I haven't written a lick of anything in weeks. I went crazy on my novel draft in November and dare I say, wore myself out. But we creatives must always be doing something shouldn't we?
And so I took up knitting.
It wasn't the first time I'd knit anything. My grandmother taught me when I was young and I made slippers. Then dropped those dang needles and swore I wouldn't do it again. And then here we are, some 30 years later, getting cramped and sore knuckles, using muscles in my hands I didn't know existed. But you know what I found more than the aches and pains? A sort of peace.
With all that's been going on in the world lately, politics and war and hunger and refugees, I needed to shut off. Step away from the devices and the internet and social media and just be, in that moment, focused on what was right in front of me. Family, friends, a sense of happiness and solitude that can't be found amid online chaos. I forgot what that felt like.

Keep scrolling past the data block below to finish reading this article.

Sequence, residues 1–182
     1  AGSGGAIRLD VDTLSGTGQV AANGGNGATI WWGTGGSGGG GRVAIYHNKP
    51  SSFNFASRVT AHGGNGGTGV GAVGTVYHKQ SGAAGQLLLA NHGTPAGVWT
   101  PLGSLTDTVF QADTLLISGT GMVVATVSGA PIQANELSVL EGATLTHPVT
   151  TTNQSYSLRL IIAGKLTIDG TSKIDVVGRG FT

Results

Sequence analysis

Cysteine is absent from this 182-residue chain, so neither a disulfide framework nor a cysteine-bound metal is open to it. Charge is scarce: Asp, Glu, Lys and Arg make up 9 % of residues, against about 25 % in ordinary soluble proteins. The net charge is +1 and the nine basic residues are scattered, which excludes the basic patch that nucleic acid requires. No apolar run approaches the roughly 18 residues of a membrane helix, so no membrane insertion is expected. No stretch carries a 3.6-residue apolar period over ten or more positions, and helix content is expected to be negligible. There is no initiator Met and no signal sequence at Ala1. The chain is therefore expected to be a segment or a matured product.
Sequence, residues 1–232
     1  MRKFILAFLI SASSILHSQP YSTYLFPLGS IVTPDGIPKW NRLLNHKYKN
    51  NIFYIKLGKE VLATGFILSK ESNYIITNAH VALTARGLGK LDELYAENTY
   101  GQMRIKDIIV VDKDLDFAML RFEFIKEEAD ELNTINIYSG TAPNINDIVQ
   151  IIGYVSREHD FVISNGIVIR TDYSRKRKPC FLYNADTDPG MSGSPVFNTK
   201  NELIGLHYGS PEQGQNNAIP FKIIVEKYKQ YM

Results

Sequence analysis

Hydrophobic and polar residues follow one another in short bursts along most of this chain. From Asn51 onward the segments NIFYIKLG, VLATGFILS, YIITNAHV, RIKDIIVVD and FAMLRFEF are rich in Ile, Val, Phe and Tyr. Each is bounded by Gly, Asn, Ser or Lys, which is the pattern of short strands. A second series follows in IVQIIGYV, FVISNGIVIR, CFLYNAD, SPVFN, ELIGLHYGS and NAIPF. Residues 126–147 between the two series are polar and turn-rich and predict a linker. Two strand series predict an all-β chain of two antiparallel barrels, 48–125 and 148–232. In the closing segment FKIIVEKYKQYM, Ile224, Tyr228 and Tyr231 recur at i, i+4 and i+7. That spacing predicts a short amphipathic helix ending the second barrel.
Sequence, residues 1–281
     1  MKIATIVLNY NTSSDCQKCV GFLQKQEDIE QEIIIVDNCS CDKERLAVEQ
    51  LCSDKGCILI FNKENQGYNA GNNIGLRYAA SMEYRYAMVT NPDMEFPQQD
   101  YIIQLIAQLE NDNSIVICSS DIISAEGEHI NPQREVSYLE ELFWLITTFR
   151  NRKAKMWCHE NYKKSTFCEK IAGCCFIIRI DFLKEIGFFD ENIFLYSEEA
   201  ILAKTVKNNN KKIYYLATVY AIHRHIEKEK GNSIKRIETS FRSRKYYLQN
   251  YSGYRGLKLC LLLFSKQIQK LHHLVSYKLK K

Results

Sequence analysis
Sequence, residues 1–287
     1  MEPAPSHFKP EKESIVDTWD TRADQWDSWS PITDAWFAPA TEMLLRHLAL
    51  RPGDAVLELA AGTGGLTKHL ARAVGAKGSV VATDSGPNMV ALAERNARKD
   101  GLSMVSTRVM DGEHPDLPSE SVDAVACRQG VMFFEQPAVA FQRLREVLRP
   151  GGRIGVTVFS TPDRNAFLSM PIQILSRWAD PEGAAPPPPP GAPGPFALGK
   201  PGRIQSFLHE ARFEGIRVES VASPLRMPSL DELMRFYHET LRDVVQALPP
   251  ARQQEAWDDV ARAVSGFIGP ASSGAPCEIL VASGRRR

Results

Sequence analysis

Each stitch, a piece of a story. My story. The memories of what the person you're knitting for means to you. How they will feel when they press the warm scarf to their faces or tug that hat down around their ears. The good times. The bad. All little fragments of time stitched into something warm and good and protective and...forgiving.
And then the writer in me, the critic in me, appears. A stitch is messed up. Knitted when I should have purled, dropped a stitch, added ten stitches without knowing how, the rows are wonky, the stitches are too tight, too loose, it won't hold together. Do I keep going or rip the whole thing apart and start over, add more structure, two threads at a time to make it more sturdy, the tension right. Enough tension to easily maneuver the needles, knit after knit, purl after purl. Just move along at a slow and steady pace, stitching the memories into place, but leaving enough slack to allow for new memories to be formed.